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Staples “Casino Night” Junior Prom nears, leaves students with mixed emotions.

Isabelle Flynn ’25
As a part of her design process, Flynn sketched out plans for the dress she is going to wear to junior prom.

As spring arrives in full bloom, this year’s “Casino Night” themed junior prom is fast approaching. Though its attendees often aren’t exclusively juniors, it’s still a new, unique opportunity for a large portion of the junior population. Students, dressed in shorter, springtime dresses and matching ties, will flock to the courtyard from 7-10 p.m., now unbounded by the “date” rule that was previously enforced at Counties.

“I think I am planning on going with a group of friends,” Dylan Bruno ’25 said. “I feel really comfortable around my friends, and I feel like I generally would gravitate towards them during an event like this with or without a date.” 

This excitement, however, doesn’t automatically pin prom as a priority.

“While I am looking forward to junior prom, I haven’t really been thinking about it too much,” Bruno said. “I’ve been really busy and, honestly, forgot it was happening.”

For others, though, prom is a pinnacle point in their agenda.

“I think that I’m pretty excited because I feel that growing up, we see prom being a big thing in the media, and it’s something that people are so excited about coming into high school,” Jessica Walsh ’25 said in appreciation for the pre-prom rituals she’s expecting to partake in.

According to Walsh, these rituals are what makes the lead up to prom something special.

growing up, we see prom being a big thing in the media, and it’s something that people are so excited about coming into high school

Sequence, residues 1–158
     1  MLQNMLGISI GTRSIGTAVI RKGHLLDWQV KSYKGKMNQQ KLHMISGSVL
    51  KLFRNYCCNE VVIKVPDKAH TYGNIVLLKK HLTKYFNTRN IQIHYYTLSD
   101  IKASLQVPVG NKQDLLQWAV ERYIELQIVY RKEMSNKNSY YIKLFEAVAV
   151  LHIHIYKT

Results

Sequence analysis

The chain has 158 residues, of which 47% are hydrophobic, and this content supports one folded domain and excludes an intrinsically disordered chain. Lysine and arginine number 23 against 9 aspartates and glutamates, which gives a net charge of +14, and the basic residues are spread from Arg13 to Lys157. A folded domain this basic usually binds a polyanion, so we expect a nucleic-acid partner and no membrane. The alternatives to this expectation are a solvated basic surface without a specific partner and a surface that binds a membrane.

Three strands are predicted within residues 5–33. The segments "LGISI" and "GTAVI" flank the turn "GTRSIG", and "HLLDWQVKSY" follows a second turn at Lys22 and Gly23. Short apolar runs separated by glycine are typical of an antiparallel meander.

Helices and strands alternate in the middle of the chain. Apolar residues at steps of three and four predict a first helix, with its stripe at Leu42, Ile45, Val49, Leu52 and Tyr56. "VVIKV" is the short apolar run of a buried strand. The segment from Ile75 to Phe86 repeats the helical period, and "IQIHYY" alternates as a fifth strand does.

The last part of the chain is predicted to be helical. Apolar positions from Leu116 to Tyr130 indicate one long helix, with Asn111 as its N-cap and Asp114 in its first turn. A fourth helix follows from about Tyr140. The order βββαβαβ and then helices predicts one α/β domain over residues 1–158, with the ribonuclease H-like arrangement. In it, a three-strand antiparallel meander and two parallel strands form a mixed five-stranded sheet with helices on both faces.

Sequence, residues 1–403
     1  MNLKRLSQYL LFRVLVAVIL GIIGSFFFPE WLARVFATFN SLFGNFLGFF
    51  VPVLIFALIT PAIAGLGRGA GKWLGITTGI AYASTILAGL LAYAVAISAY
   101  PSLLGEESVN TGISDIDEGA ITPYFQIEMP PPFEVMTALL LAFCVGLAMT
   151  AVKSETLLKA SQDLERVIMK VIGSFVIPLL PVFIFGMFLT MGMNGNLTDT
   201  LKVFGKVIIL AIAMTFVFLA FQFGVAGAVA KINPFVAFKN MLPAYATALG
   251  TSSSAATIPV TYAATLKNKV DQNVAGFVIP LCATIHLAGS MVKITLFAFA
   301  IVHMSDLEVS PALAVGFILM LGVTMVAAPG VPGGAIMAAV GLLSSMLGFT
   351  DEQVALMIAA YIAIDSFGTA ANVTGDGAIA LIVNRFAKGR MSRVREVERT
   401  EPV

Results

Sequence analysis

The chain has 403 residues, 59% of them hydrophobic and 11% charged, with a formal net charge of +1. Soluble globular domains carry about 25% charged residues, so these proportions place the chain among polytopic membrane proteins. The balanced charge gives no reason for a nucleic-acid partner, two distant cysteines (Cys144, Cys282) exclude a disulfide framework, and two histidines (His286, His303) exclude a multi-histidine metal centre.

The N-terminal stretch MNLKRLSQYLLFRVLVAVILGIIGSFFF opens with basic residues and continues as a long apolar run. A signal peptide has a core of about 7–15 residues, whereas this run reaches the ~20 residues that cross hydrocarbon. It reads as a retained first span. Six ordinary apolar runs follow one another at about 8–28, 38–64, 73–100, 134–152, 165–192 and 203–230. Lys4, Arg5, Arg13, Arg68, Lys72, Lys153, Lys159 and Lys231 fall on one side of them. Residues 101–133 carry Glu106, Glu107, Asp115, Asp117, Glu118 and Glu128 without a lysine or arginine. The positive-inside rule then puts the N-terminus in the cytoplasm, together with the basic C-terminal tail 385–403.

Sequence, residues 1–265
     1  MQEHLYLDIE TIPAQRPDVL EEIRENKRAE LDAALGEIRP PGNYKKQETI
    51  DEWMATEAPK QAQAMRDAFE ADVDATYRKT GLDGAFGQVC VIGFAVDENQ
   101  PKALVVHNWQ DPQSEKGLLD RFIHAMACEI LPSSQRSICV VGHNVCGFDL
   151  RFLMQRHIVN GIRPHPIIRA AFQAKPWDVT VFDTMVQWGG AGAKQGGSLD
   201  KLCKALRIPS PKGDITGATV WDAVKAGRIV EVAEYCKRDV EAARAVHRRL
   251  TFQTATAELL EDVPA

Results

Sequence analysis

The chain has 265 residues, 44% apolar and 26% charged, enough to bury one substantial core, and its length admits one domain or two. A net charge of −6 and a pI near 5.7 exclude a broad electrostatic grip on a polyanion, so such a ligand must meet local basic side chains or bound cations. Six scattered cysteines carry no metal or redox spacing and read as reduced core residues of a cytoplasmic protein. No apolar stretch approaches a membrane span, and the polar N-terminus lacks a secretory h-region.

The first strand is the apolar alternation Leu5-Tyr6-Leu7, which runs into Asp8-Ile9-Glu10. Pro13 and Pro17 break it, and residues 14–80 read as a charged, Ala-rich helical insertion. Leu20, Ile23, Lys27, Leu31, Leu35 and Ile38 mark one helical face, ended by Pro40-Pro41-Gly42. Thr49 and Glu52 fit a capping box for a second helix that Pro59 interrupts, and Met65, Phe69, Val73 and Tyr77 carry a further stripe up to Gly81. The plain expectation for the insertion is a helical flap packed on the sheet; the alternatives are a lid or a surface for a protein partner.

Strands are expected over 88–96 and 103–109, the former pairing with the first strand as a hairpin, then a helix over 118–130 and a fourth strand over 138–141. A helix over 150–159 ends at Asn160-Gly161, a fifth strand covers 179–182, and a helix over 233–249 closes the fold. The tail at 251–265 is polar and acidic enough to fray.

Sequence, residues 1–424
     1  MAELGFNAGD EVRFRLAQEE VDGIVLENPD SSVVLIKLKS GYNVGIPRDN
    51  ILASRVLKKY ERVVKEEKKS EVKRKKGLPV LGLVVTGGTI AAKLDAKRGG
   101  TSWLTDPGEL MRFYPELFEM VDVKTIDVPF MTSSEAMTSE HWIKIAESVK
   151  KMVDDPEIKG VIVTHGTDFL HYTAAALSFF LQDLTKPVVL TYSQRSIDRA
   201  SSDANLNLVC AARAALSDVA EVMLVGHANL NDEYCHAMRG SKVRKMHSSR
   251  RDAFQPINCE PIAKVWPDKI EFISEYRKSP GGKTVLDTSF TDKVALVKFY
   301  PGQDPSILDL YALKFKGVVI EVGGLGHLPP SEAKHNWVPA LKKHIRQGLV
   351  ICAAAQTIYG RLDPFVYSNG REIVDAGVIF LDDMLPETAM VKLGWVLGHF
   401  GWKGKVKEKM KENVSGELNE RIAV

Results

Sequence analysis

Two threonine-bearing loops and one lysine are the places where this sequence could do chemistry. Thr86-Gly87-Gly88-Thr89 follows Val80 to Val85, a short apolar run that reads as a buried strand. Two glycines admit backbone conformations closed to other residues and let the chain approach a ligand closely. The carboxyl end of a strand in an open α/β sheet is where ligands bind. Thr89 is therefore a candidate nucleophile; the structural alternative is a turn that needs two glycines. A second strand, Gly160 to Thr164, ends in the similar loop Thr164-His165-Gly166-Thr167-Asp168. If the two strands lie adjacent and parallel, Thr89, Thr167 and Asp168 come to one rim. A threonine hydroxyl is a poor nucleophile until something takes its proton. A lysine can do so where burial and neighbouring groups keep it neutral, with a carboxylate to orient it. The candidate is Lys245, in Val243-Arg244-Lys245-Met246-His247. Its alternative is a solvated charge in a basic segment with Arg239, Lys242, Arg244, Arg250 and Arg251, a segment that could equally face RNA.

— Jessica Walsh ’25

“I think that hanging out with friends and getting ready together and taking photos is a great way to enjoy the process of getting ready,” Walsh said. “That way, you are having fun and nothing is stressful.”

Some students will utilize the event beyond just attending. Isabelle Flynn ’25 has just taken up the task of making her own prom dress. 

“I began by buying the pattern, then I printed it out, then I found what size I was and cut out the pattern,” Flynn said in regards to the process.

But prom doesn’t just revolve around the student experience. Staff members are the ones around school that do all the planning and preparation; an arduous process but worth it according to social studies teacher, and one of the main planners for junior Prom, Carol Kaye.

“It starts a year before with booking vendors [and] reserving the date,” Kaye said. “Then we do ticket sales right before prom, which is tedious. Then the cafe managers help us pick a menu.”

In total, according to Kaye, junior Prom regularly costs up to $20,000

“This year I consulted with the junior class reps from Student Government and asked them how they felt about a casino night, and they gave me the go ahead and approval,” Kaye said. “Let’s hope everyone likes it.” 

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Elsa D’Elia ’25
Elsa D’Elia ’25, Staff Writer
Staff Writer Elsa D’Elia ’25 joined Advanced Journalism after really enjoying Introduction to Journalism. “I found a style of writing that I was super comfortable with,” D’Elia said. “So I wanted to join the class on a more, like, official basis.” D’Elia spent half of her summer working as a camp counselor for five-year-olds at Camp Mahackeno run by the YMCA and then she took off to Vermont where she vacationed with her family.  “I write a lot when I have free time,” D’Elia said. “It is an activity that is enjoyable for me and allows me to be creative.”

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